Feminist Friday: Do We Need an Anti-Body Slam PSA? | Vol. 4 / No. 11.5

Someone’s gonna get a hurt real bad | Photo: slgckgc, CC BY 2.0

In this week’s Feminist Friday post, Elle asks at least one question we really shouldn’t have to ask: do we need public service announcements reminding people not to body-slam one another?

When I was in the fourth grade, I had a brief period in which I tried to become obsessive with what was then-called the WWF (the World Wrestling Federation, not to be confused with the thing that helps pandas)1 in an attempt to be on the same wavelength with the adolescent boys who made up my entire friend group. (Wee!Elle was not at all wee, was a tomboy, and was incredibly socially awkward. She had few friends, and almost all of them were boys. She may or may not have felt an empathy for the wrestler Chyna.) Even at that age, I knew that the story arcs were fake, but it seemed like a lot of the pain was real. One of the moves that I couldn’t believe happened was the body slam; one wrestler picking another one up and slamming him into the mat. I wasn’t super great with anatomy, but I was pretty sure that there were a lot of important bits (like, say, your brain and squishy internal organs) that would be badly damaged by that, even in a “fake” fight. My WWF phase was short, but I never expected that, 18 years after it ended, I’d be watching footage of body slams all over again. But this time it would be footage of a police officer body slamming a black teenage girl.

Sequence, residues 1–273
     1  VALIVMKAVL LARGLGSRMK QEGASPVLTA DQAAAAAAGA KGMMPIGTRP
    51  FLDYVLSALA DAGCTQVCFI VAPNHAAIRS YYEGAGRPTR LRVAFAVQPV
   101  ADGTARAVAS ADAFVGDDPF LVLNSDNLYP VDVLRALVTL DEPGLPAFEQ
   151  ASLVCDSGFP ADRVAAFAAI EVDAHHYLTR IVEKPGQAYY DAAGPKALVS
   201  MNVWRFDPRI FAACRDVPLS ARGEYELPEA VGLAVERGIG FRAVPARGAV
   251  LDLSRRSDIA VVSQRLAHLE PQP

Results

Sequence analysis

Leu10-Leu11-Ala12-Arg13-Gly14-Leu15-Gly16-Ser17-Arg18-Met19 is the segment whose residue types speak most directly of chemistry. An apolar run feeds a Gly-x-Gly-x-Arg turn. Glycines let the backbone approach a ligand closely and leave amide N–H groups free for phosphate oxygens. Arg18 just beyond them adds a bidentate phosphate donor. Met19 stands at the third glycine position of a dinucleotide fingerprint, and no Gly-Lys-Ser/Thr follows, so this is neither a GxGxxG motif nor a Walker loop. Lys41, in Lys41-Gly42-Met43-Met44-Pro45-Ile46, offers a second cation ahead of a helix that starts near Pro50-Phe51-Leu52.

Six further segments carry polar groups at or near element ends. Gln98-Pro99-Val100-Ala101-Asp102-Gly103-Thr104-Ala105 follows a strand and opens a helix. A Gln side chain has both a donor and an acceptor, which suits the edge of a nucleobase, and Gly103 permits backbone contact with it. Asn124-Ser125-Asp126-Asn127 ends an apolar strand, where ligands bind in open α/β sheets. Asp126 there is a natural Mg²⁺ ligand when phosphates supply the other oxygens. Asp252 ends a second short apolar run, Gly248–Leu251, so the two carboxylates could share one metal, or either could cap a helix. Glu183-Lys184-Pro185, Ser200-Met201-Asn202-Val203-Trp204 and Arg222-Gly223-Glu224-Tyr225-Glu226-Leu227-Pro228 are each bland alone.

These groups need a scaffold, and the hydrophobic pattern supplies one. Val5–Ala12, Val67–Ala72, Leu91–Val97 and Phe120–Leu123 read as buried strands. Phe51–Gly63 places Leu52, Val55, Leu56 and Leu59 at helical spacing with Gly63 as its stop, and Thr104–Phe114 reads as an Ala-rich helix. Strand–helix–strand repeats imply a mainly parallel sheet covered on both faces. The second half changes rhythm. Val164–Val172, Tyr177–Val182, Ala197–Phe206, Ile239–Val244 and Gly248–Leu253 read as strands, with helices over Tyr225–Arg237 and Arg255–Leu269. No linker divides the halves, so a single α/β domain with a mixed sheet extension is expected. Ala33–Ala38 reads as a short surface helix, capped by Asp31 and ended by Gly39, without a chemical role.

The footage of the incident shows school resource officer Ruben De Los Santos wrapping his arms around the girl’s torso, lifting her above his head, and slamming her on the ground. She lays there for a few moments, stunned, before he picks her up by the arm where she dangles like a doll until she gets her feet under her and clutches her other arm to her chest, just in time for the officer to begin pulling both arms behind her back. According to other students, the girl had been trying to protect her sister, who was one of two girls who had gotten into a fight. The officer responded by repeating a move that is most familiar from fake wrestling and the UFC.